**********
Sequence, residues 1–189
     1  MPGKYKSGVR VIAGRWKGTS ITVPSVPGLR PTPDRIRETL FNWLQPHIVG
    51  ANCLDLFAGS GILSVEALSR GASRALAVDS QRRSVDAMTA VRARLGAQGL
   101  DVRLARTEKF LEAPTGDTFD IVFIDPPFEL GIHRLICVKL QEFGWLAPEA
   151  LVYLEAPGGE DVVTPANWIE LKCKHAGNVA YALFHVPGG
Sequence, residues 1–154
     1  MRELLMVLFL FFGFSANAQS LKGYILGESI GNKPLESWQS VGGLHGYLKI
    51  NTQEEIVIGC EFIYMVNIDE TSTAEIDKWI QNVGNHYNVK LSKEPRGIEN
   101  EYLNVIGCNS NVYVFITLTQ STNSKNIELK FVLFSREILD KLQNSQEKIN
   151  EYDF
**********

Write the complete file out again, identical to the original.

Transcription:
Sequence, residues 1–189
     1  MPGKYKSGVR VIAGRWKGTS ITVPSVPGLR PTPDRIRETL FNWLQPHIVG
    51  ANCLDLFAGS GILSVEALSR GASRALAVDS QRRSVDAMTA VRARLGAQGL
   101  DVRLARTEKF LEAPTGDTFD IVFIDPPFEL GIHRLICVKL QEFGWLAPEA
   151  LVYLEAPGGE DVVTPANWIE LKCKHAGNVA YALFHVPGG
Sequence, residues 1–154
     1  MRELLMVLFL FFGFSANAQS LKGYILGESI GNKPLESWQS VGGLHGYLKI
    51  NTQEEIVIGC EFIYMVNIDE TSTAEIDKWI QNVGNHYNVK LSKEPRGIEN
   101  EYLNVIGCNS NVYVFITLTQ STNSKNIELK FVLFSREILD KLQNSQEKIN
   151  EYDF